Baby Quilt!

Baby quilts are really fun to make. A quilter gets to use super cutesy fabrics, simpler blocks are ideal and the quilts don’t need to be very big so they don’t take very long. Plus you get to give it to an adorable little baby to welcome them into the world. And if you’re lucky you get to look at a bunch of photos of the baby being cute on the quilt you made. Win for everyone!

When my sister-in-law announced she was expecting, I started thinking about the quilt I was going to make right away. Years ago, my husband (her brother) had gifted me a set of fat quarters printed with a bunch of fun zoo animals. I liked them a lot but wasn’t sure of the best way to use them. With her announcement, I knew that they would be perfect to use in the quilt, as a sort of collaborative gift from the both of us to our very first niece.

faithquilt1 Baby Quilt!

Welcome Parade – Front

I came up with a simple(ish) design of basic blocks separated by pieced sashing and little nine-patch blocks in the sashing intersections. For the blocks, I simply cut 6 1/2″ squares, sliced them diagonally, then inserted 1″ strips between 2 different half-square triangles for blocks that finish at 6″. I love this technique for adding a bit of punch to plain blocks, and since it doesn’t change the proportions of the original patch (as long as your seam allowance is consistent!) you can try it in basically any pattern.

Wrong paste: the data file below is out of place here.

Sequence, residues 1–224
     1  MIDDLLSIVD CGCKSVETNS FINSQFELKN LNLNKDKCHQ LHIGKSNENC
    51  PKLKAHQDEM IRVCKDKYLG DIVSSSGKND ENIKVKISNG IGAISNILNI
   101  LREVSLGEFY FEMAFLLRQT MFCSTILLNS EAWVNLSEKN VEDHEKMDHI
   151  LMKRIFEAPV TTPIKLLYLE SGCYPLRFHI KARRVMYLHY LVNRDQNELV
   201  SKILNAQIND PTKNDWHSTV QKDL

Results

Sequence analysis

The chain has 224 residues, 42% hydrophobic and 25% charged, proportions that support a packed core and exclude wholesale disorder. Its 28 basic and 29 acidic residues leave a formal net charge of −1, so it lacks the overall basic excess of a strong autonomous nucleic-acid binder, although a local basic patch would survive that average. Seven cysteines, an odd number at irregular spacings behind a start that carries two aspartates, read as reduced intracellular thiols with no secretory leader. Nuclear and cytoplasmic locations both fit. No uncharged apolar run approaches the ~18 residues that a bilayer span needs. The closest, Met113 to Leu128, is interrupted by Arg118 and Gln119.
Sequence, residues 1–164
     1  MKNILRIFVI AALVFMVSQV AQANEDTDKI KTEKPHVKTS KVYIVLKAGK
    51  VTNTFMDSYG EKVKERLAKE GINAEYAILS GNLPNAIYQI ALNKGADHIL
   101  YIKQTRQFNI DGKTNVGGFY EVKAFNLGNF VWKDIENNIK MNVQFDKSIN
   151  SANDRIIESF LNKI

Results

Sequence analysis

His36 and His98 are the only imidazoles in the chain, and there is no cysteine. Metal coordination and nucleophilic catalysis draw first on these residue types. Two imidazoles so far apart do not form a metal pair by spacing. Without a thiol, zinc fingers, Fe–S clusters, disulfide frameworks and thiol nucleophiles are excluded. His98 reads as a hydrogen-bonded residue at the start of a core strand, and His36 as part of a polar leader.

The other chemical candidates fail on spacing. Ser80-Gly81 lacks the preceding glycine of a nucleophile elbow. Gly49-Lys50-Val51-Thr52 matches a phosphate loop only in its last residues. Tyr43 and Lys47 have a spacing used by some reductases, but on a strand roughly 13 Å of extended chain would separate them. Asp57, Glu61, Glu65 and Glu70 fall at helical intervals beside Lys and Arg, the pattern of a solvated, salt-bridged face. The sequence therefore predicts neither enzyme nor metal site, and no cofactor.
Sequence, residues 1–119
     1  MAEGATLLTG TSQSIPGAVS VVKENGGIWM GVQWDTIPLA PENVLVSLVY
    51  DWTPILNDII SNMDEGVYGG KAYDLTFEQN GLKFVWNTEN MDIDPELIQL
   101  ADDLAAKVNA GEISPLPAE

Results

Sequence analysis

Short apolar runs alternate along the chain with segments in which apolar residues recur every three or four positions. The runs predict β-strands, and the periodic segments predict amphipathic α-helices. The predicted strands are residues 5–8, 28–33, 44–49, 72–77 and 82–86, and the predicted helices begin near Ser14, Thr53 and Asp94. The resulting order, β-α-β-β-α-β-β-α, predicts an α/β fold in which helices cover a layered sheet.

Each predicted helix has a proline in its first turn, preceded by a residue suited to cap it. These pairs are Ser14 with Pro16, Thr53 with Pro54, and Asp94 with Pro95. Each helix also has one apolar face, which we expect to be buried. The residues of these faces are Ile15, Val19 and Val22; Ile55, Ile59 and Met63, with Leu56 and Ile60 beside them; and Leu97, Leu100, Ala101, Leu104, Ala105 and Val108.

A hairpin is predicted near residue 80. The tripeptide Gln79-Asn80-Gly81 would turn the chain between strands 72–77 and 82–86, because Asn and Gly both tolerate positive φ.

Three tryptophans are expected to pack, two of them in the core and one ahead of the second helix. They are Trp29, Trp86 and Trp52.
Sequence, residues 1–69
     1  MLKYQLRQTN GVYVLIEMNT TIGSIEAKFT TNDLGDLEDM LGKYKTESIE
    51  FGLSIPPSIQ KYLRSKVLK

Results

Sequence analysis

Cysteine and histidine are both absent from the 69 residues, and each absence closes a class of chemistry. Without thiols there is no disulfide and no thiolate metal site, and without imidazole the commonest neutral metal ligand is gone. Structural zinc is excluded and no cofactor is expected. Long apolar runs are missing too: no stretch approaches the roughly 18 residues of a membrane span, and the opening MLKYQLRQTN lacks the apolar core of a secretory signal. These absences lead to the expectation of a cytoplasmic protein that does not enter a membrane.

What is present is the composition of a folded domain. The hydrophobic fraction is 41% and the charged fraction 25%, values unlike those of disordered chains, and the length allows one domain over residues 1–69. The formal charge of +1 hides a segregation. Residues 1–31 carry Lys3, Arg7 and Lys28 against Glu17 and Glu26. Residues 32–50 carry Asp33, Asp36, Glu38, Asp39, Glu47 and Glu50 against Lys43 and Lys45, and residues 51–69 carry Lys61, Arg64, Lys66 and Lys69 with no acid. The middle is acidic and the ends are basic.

faithquilt2 Baby Quilt!

Center blocks with 1″ strips inserted diagonally

I pieced a back with the purple kitten print and other leftovers from the front.

faithquilt4 Baby Quilt!

Welcome Parade – Back

I didn’t really plan out the quilting, and that’s where I made my mistake. I just sort of started in the center with a star motif and worked my way out. I like the center, but I would plan the quilting out more specifically and efficiently if I were to do it over. I don’t feel like the quilting complements the piecing too well. It may detract from the piecing design a bit. It’s not so bad that I felt a need to take it out (it would have to be terrible for me to want to do that) but if I got a do-over I’d want to emphasize the orange diagonals more with the quilting, rather than quilt over them in all directions. Overall, the quilting looks more chaotic and busy than I care for, but I tend to judge my work pretty harshly which I’m sure other quilters can relate to.

faithquilt3 Baby Quilt!

Closeup of the quilting. I added free motion hearts because why not.

Quilting disappointments aside, I got it bound, washed it and sent it off, hoping it would get there in time for the baby shower. My sister-in-law had posted several photos on Facebook showing the painting and decorating of the nursery, and the colors she used were basically identical to the colors in the quilt – purple, green and bright accents. I didn’t get it there in time for the shower but a few days after the quilt arrived at it’s destination, so did the eagerly anticipated baby! Last week, in fact.

It’s funny how all my aesthetic nit-picking seems so silly when I see this photo.

faithquilt5 Baby Quilt!

Faith Olivia on her quilt